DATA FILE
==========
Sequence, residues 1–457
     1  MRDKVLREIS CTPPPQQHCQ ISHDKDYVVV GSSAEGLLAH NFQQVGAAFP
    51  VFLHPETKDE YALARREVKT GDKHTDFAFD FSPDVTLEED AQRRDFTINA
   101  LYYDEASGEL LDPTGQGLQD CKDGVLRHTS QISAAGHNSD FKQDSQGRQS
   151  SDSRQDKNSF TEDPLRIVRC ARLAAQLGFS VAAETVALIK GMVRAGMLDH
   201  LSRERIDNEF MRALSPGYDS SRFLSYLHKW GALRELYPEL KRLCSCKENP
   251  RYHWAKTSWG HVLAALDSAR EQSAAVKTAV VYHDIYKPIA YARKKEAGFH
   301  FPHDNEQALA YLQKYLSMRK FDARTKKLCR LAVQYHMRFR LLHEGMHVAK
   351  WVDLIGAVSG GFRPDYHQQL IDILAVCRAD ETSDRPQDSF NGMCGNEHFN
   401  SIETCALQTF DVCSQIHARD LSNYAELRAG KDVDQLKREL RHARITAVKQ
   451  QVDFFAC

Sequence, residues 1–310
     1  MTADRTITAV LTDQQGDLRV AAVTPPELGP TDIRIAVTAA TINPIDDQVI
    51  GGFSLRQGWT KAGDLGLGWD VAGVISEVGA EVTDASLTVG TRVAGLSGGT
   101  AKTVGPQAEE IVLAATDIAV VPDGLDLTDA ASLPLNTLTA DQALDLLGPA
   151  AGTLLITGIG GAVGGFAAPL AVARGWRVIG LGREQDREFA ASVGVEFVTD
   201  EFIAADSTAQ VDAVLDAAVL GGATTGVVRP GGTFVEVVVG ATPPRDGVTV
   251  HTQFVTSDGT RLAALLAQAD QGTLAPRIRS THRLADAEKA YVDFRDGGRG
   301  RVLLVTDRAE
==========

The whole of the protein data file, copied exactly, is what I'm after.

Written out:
Sequence, residues 1–457
     1  MRDKVLREIS CTPPPQQHCQ ISHDKDYVVV GSSAEGLLAH NFQQVGAAFP
    51  VFLHPETKDE YALARREVKT GDKHTDFAFD FSPDVTLEED AQRRDFTINA
   101  LYYDEASGEL LDPTGQGLQD CKDGVLRHTS QISAAGHNSD FKQDSQGRQS
   151  SDSRQDKNSF TEDPLRIVRC ARLAAQLGFS VAAETVALIK GMVRAGMLDH
   201  LSRERIDNEF MRALSPGYDS SRFLSYLHKW GALRELYPEL KRLCSCKENP
   251  RYHWAKTSWG HVLAALDSAR EQSAAVKTAV VYHDIYKPIA YARKKEAGFH
   301  FPHDNEQALA YLQKYLSMRK FDARTKKLCR LAVQYHMRFR LLHEGMHVAK
   351  WVDLIGAVSG GFRPDYHQQL IDILAVCRAD ETSDRPQDSF NGMCGNEHFN
   401  SIETCALQTF DVCSQIHARD LSNYAELRAG KDVDQLKREL RHARITAVKQ
   451  QVDFFAC

Sequence, residues 1–310
     1  MTADRTITAV LTDQQGDLRV AAVTPPELGP TDIRIAVTAA TINPIDDQVI
    51  GGFSLRQGWT KAGDLGLGWD VAGVISEVGA EVTDASLTVG TRVAGLSGGT
   101  AKTVGPQAEE IVLAATDIAV VPDGLDLTDA ASLPLNTLTA DQALDLLGPA
   151  AGTLLITGIG GAVGGFAAPL AVARGWRVIG LGREQDREFA ASVGVEFVTD
   201  EFIAADSTAQ VDAVLDAAVL GGATTGVVRP GGTFVEVVVG ATPPRDGVTV
   251  HTQFVTSDGT RLAALLAQAD QGTLAPRIRS THRLADAEKA YVDFRDGGRG
   301  RVLLVTDRAE